Morrow was making his second appearance since a season-ending forearm injury last May. On Feb. 28, the right-hander gave up two hits and one run in two relief innings.
Steelers sign Polamalu, cut Foote
Troy Polamalu and Heath Miller are doing their part to help the Pittsburgh Steelers get under the 2014 salary cap.
The eight-time Pro Bowl safety and the venerable tight end both signed new three-year contracts with the team on Wednesday designed to give the Steelers some cap relief before the new league year begins next week.
Pens pick up pair of forwards
The Pittsburgh Penguins didn’t go for the big splash at the trade deadline this time.
General manager Ray Shero believes the little ripples his team made instead can be just as effective as the franchise pursues its fourth Stanley Cup.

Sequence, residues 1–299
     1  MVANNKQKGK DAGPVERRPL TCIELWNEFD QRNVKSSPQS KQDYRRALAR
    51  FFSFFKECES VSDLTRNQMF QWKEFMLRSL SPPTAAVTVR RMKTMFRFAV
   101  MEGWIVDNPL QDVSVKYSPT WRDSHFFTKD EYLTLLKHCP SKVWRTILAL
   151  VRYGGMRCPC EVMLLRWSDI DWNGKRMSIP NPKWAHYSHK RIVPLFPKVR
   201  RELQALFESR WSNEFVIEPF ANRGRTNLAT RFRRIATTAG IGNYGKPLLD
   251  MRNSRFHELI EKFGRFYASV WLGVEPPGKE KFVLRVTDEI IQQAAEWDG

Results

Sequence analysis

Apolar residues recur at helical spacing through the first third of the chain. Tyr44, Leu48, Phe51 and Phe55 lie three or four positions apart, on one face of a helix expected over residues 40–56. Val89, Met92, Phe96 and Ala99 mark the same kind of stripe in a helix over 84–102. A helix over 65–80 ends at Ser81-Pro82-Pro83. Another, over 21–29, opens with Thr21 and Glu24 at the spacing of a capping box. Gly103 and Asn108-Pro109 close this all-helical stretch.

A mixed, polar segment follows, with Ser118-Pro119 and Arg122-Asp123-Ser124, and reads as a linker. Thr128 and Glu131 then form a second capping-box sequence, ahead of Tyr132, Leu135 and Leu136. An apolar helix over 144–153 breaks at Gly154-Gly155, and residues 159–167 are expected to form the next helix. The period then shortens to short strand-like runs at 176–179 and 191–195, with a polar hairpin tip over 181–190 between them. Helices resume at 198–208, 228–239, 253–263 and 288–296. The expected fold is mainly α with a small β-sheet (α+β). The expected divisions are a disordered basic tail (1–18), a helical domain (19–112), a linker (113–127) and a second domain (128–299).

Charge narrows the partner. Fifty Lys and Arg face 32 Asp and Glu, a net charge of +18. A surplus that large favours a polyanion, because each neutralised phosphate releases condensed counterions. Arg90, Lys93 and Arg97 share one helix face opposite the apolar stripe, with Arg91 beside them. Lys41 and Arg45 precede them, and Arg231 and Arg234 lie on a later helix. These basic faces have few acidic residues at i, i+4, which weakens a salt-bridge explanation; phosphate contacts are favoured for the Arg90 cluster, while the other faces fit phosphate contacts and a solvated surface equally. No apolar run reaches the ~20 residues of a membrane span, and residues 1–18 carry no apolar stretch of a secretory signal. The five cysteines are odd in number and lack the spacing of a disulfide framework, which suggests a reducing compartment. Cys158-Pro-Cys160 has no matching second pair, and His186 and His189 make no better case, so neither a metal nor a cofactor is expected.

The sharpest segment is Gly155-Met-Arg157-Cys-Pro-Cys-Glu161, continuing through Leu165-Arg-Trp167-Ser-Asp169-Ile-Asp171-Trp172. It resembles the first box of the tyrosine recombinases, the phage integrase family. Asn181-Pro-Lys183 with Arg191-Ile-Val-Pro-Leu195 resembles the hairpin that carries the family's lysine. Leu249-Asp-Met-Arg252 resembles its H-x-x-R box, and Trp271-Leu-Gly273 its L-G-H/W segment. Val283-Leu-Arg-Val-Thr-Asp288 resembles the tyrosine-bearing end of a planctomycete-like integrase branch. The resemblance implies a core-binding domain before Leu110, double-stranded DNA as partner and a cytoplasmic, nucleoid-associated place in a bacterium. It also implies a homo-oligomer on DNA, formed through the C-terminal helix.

Penguins snap out of slump
Matt Niskanen scored his second goal of the game 7:29 into the third period, and the Pittsburgh Penguins beat the Nashville Predators 3-1 on Tuesday night to snap a three-game skid.
Niskanen and the Penguins helped ruin the return of Nashville goalie Pekka Rinne in his first game since Oct. 22 following an E. coli infection in his surgically repaired left hip.
Morton throws three scoreless innings in Pirates victory
Charlie Morton allowed one hit in three scoreless innings, helping the Pittsburgh Pirates to a 5-2 victory over the Detroit Tigers on Tuesday.
Morton did not strike out a batter, but he kept Detroit off the bases during his short stint, aside from Don Kelly’s second-inning double.
Alvarez, Martin hit two-run shots in Bucs’ win
Pedro Alvarez and Russell Martin hit two-run homers off Brandon Workman, who started in place of injured Jake Peavy, and the Pittsburgh Pirates beat the Boston Red Sox 7-6 Monday.
Pittsburgh leadoff batter Starling Marte reached on an infield single in the first that stopped an 0-for-9 start, and Alvarez homered to right off Workman with two outs.